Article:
How to Invoice for Freelance Work: Free Freelance Invoice Template

How to Invoice for Freelance Work

If you’re a freelancer or independent contractor, it’s up to you and you alone to figure out how to get paid for the services you provide to your clients. Let’s say that you’ve already provided your customer with a quote to let them know how much the project will cost or have signed a freelance contract. Your next step would be to come up with a comprehensive and auditable invoice in order to request payment from your client.

How to Invoice as a Freelancer?

A freelance worker is an individual who picks up multiple projects for different companies without being legally employed at any of them. Coming up with a good freelance invoicing strategy is thus key to getting paid - both at all and on time.

Your invoice for freelance work should include an itemized list of the goods and services you provided to the client along with the amounts due and taxes levied. The header of the invoice must provide information related to your and the client’s taxpayer identification numbers, shipping and billing addresses, bank account information, and credentials.

As a freelancer, you will be responsible for the entire process associated with invoicing. Here are some tips for doing it right:

  1. Pay close attention to the contract you sign. Your contract - be it a freelancer agreement or job offer - should clearly state your rates or the cost of the entire project. Review the payment terms and only sign if you agree with them completely. Make sure that the terms cover the payment methods, payment timelines, and penalties (if any).
  2. Describe your deliverables in detail. Use your invoice to provide a description of each of your deliverables to make sure that your client knows (and remembers) what they are being charged for.
  3. Consider automating your invoices. Research online invoicing applications or downloadable software that can help you make use of ready-made templates to save your time. Specialized invoicing and bookkeeping software will also help you monitor overdue invoices, keep track of payments, and log any due taxes.
  4. Don't be afraid to follow up. Make it clear that you’re open to answering any questions regarding the invoice or the payment. Send your invoice along with a friendly email or cover letter that includes a thank you note for your client. Don’t hesitate to reach out if your client fails to pay on time: a gentle reminder may help them get on the right track.

How to Create an Invoice for Freelance Work?

Your freelance invoice should, at the very least, feature the following parts:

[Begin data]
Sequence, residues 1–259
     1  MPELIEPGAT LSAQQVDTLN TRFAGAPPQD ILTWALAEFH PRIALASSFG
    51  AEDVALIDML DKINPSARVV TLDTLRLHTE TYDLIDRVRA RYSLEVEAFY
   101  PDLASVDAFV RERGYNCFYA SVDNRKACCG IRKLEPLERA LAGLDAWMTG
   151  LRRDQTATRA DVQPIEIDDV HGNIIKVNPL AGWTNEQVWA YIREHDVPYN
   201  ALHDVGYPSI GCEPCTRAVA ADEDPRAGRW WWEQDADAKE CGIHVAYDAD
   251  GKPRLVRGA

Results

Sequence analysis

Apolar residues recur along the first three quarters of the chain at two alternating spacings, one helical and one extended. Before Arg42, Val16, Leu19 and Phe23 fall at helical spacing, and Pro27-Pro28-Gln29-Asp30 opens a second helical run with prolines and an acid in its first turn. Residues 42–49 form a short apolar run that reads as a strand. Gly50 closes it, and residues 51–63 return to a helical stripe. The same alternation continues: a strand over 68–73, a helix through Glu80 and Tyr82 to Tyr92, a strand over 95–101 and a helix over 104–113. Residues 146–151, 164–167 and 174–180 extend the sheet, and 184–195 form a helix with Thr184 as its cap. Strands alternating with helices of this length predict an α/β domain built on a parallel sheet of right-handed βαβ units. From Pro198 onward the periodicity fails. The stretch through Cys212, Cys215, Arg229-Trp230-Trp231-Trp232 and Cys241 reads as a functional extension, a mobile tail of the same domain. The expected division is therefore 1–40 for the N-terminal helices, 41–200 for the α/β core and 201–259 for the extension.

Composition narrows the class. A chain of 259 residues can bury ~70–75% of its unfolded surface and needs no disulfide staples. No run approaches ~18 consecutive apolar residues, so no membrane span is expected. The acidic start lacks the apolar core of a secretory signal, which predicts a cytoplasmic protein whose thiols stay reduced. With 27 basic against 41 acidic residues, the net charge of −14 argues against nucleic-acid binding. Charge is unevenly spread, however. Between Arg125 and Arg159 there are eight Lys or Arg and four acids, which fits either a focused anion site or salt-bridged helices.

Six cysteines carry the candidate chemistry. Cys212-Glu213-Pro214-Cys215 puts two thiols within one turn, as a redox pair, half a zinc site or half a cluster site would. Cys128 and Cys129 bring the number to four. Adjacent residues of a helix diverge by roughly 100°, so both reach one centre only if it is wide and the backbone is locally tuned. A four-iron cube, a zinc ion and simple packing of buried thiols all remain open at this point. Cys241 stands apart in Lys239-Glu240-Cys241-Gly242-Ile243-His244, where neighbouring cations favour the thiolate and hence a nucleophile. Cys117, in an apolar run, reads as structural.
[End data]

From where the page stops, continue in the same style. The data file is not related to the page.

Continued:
1. Your name and logo (if any).
  2. Your contact details, mailing address, and tax identification number.
  3. Your client’s identifying information.
  4. The date and number of the invoice.
  5. A list of sold goods or provided services with a price for each line.
  6. Tax rate and amount and the total amount due.
  7. Your payment details.
  8. Your signature or your company’s official seal.

Consider creating a Freelance Invoice template that you can later use for different projects. The template will need to be customizable and universal, so that you can easily tailor it to the specifics of the work at hand.

How to Write an Invoice for Self-Employed?

The details that you will have to include in your self-employed invoice will largely depend on the nature of your business and the type of project you are tackling.

If you are selling goods, you might want to invoice your clients twice: once as a prepayment and another time as soon as the goods are delivered. If you’re providing a service, it may be a good idea to have your client pay every time you hit a certain milestone in your project. Alternatively, you can invoice your client for the full amount due on the completion of your work.

Long-term or multi-faceted projects will need to follow a uniquely-tailored invoicing schedule that must be discussed with the client in advance and will need to be reflected in the contractor agreement that you sign. Make sure that you’ve clearly stipulated your payment terms before beginning any work at all. Being clear when it comes to the timeline of payments and scheduling your invoices accordingly will help you eliminate most of the stress when it comes to your invoicing strategy.

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